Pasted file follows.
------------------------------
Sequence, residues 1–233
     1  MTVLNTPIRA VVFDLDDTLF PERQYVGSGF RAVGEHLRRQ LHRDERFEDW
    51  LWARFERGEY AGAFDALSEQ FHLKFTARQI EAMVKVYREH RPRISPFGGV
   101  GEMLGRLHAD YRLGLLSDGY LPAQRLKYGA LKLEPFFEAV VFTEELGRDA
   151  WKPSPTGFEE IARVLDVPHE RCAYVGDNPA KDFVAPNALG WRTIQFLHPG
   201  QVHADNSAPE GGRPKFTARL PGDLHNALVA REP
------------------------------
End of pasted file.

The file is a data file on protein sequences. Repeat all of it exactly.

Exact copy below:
Sequence, residues 1–233
     1  MTVLNTPIRA VVFDLDDTLF PERQYVGSGF RAVGEHLRRQ LHRDERFEDW
    51  LWARFERGEY AGAFDALSEQ FHLKFTARQI EAMVKVYREH RPRISPFGGV
   101  GEMLGRLHAD YRLGLLSDGY LPAQRLKYGA LKLEPFFEAV VFTEELGRDA
   151  WKPSPTGFEE IARVLDVPHE RCAYVGDNPA KDFVAPNALG WRTIQFLHPG
   201  QVHADNSAPE GGRPKFTARL PGDLHNALVA REP